Rob writes: Another summer day, another peach cobbler. This makes about six servings depending on your crew. My neighbor eats her share between our kitchen and her front door. Of course ice cream, whipped cream, whatever, goes well.
 

Rob's Peach Cobbler
--About 3 cups peeled, sliced peaches (I use about six medium peaches from the farmer’s market)
--2 cups sugar, divided
--1/2 cup water
--8 tablespoons butter
--1 1/2 cups self-rising flour (you can make your own with a little baking powder and salt--just google it)
--1 1/2 cups milk

1.    Preheat oven to 350 degrees.
2.    Put the peaches, one cup sugar, and water in a medium saucepan. Bring to a boil and simmer for 10 minutes.
3.    Strain and reserve juice.
4.    Place the stick of butter into an 8X8 baking pan and put it in the preheating oven oven. The 8X8 pan is going to give you a thicker cobbler.  If you want thinner, you can bake in three-quart baking pan.
5.    Mix the flour and remaining cup of sugar in medium bowl.
6.    Stir in the milk in three portions, whisking as you go to avoid lumps.
7.    Once the butter has melted, pour the batter into the pan with the butter.  DO NOT STIR. The batter will come up while baking.
8.    Place the peaches on top of the batter.
9.    Bake for 40-45 minutes, depending on your oven. You want a risen cobbler that is golden brown on the edges.
10. Heat the reserved juice in the saucepan until reduced to a syrup/glaze.
11. Cool the cobbler. Pour the reserved sauce/glaze over before serving.

When life gives you summer squash...

Chop and saute over high heat with onion and hot pepper, 
finishing with a glug of fish sauce and tamari/soy

I want to remember the flavor of these Goldie heirloom tomatoes, drizzled with olive oil and a shake of salt, come November.


Friday, August 21, 2020

Covid Cafe: A Family Noodle Shop


Biang biang noodles are made by slapping dough on a table and ripping it into pieces. The dish is a staple of Xi’an in northwestern China, and the name comes from the sound of dough hitting the table. We went to a traditional biang biang noodle shop to see how it’s made.

Thursday, August 20, 2020

Covid Cafe: Hands Off My BLT


Chefs of Covid Cafe: It's a beautiful summer day and apparently we all love our BLTs...prepared just so. Chris asked for a poll to determine whether people liked thick or thin tomato slices and we heard about that and much more. Toast vs non-toast, mayo substitutes, and precise assembly instructions...

Art's BLT in process
(NB: he likes wiggly bacon)

 

Camille belatedly tells us she’s a member of the small group who eats corn in a circular fashion. She adds: I like mayo (only for this sandwich) on both sides of the bread with lettuce on each and a thinner slice of tomato on each and then the bacon goes in the middle. 


Kay: Half-inch tomatoes that overlap a bit. No mayo (I’m with Chris on this), so sometimes I use butter or pesto, hummus or avocado to add some smoothness. 
(Ed note: There will be no BLT-shaming, but we're going to have to discuss the hummus, honey.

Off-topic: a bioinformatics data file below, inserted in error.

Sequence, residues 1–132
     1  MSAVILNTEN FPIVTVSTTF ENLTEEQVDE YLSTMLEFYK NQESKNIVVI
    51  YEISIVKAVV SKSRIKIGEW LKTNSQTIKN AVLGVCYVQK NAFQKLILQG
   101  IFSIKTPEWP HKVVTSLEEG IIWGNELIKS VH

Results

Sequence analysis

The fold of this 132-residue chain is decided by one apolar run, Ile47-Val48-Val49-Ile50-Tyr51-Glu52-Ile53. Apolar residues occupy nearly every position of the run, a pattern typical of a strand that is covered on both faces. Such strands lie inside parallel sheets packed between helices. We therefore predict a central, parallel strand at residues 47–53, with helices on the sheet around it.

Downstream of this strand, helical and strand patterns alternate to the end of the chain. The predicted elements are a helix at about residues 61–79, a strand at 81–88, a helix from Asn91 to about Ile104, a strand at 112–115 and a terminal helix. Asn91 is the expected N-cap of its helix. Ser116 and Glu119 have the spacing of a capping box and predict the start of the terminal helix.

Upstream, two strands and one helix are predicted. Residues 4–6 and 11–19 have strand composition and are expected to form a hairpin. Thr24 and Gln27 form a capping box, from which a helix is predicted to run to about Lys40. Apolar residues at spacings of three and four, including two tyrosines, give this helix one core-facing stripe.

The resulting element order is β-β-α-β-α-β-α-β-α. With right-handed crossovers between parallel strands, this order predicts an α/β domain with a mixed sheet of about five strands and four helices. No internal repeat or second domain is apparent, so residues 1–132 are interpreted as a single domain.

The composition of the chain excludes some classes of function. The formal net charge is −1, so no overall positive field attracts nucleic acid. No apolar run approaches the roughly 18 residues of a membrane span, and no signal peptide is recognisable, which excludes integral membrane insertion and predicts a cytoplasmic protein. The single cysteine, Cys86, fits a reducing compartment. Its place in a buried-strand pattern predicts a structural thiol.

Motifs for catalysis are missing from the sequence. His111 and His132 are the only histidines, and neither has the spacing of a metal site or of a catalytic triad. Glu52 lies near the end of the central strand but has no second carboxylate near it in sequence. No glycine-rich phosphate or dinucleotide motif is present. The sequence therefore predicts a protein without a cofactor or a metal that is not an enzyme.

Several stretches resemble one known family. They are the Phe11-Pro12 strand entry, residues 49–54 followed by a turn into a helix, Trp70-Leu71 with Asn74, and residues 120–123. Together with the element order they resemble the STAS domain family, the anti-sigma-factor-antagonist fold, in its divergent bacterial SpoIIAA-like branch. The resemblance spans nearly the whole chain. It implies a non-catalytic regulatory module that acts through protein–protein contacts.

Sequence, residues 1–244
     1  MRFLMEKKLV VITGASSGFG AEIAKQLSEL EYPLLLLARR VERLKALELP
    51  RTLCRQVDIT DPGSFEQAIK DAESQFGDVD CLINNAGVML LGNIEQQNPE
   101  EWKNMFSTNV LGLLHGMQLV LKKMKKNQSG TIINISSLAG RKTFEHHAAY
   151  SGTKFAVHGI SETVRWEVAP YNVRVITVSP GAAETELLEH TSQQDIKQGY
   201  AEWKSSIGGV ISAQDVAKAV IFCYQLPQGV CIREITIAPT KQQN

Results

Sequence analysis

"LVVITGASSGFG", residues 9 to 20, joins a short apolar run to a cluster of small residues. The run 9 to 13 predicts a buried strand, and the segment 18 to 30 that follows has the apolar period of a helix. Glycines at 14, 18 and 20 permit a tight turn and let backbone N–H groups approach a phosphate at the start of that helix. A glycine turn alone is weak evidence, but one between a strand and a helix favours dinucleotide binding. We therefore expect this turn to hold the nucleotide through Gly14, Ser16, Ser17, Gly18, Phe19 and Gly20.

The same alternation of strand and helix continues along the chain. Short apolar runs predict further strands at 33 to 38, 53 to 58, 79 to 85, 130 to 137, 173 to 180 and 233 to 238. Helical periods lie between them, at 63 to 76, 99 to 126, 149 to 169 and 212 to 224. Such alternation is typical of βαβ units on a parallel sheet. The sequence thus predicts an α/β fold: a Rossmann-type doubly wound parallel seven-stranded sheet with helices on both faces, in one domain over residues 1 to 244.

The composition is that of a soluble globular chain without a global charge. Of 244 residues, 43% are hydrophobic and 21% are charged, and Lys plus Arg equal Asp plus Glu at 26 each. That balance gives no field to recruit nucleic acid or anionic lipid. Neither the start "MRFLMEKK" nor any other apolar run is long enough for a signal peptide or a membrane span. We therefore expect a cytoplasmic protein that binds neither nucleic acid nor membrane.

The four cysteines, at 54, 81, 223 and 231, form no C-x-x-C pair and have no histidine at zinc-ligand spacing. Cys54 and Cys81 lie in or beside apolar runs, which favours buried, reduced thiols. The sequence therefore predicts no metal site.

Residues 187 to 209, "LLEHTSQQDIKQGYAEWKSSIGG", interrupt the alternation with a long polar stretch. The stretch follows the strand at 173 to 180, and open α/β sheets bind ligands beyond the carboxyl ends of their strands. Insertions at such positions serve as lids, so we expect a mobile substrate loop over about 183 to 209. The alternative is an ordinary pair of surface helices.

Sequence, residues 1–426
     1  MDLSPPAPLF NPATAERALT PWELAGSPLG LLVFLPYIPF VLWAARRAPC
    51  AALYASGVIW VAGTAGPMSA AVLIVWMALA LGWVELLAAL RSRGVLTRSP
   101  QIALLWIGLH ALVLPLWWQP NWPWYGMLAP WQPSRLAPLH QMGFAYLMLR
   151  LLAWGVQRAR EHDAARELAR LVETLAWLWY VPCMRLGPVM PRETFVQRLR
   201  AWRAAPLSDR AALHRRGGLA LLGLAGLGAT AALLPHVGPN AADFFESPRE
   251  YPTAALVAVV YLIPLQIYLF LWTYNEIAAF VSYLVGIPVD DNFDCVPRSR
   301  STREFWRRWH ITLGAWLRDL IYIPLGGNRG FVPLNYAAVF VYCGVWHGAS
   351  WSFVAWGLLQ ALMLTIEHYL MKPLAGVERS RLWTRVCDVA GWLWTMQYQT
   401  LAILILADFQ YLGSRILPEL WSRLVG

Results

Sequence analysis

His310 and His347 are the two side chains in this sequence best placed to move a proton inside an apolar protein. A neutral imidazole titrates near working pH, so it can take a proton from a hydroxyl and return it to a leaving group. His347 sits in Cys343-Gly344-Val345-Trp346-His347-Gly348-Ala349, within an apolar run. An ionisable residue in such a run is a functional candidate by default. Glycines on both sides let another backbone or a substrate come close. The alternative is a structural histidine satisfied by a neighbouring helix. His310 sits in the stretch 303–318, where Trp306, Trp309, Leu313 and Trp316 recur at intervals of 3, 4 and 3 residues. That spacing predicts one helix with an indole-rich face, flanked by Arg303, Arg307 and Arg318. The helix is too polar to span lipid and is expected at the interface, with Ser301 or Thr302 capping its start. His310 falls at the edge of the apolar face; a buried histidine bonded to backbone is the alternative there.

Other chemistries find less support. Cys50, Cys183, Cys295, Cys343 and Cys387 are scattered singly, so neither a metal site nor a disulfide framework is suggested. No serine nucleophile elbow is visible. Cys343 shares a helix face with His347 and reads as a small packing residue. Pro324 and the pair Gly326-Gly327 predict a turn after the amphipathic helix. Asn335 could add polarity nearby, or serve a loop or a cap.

Art's BLT, fini

Rob says: It’s not thick or thin--it’s coverage. Each bite should have tomato. And the tomato should be lightly salted to release maximum juice. We can’t neglect the lettuce issue. I am firmly on board with leaf lettuce, romaine is too stiff.  A mayo-free BLT? Heresy. (Ed note: how about that hummus?)

Nancy: I like several slices of thin tomato on toast with bacon (of course), lettuce, and definitely mayo. BLT with sweet corn was a must-have meal when I was growing up. We had a "corn man" who drove a rickety old truck into our neighborhood loaded with fresh-picked sweet corn. Back then a dozen ears was 50 cents. I think the corn man had a crush on my mother. I have looked but cannot find sweet corn as good as the old man's.

Jon: I’m a medium-slice person but always two slices. Also, lightly salted to bring out the tomato flavor.

If your belly (unlike mine) doesn't reject most breads, consider yourself lucky. I sense I could get into some trouble for posting this, but here's my solution: BLT with mayo schmear rolled up in chard leaves. They're delicious.




Tuesday, August 18, 2020

Covid Cafe: Summer First Meal + BLT Banter



Hi chefs. The BLT poll posed by Chris yesterday has generated quite the vigorous response. If you missed it, click here to check it out. From what we've heard, tomato thickness is not the only issue. People also apparently feel strongly about lettuce type and mayo substitutes (did I just type that?). So let us know and also send us a photo of your BLT.  

The bountiful diversity of foods in season now make for extraordinarily colorful, easy, and delicious repasts. Our first meal today was a grassfed grilled hamburger with fermented beets and red cabbage; tomato, cuke, and avocado salad; and a watermelon and nectarine bowl with a few errant slices of raw kohlrabi from the farmshare (Art: are these supposed to be in here?).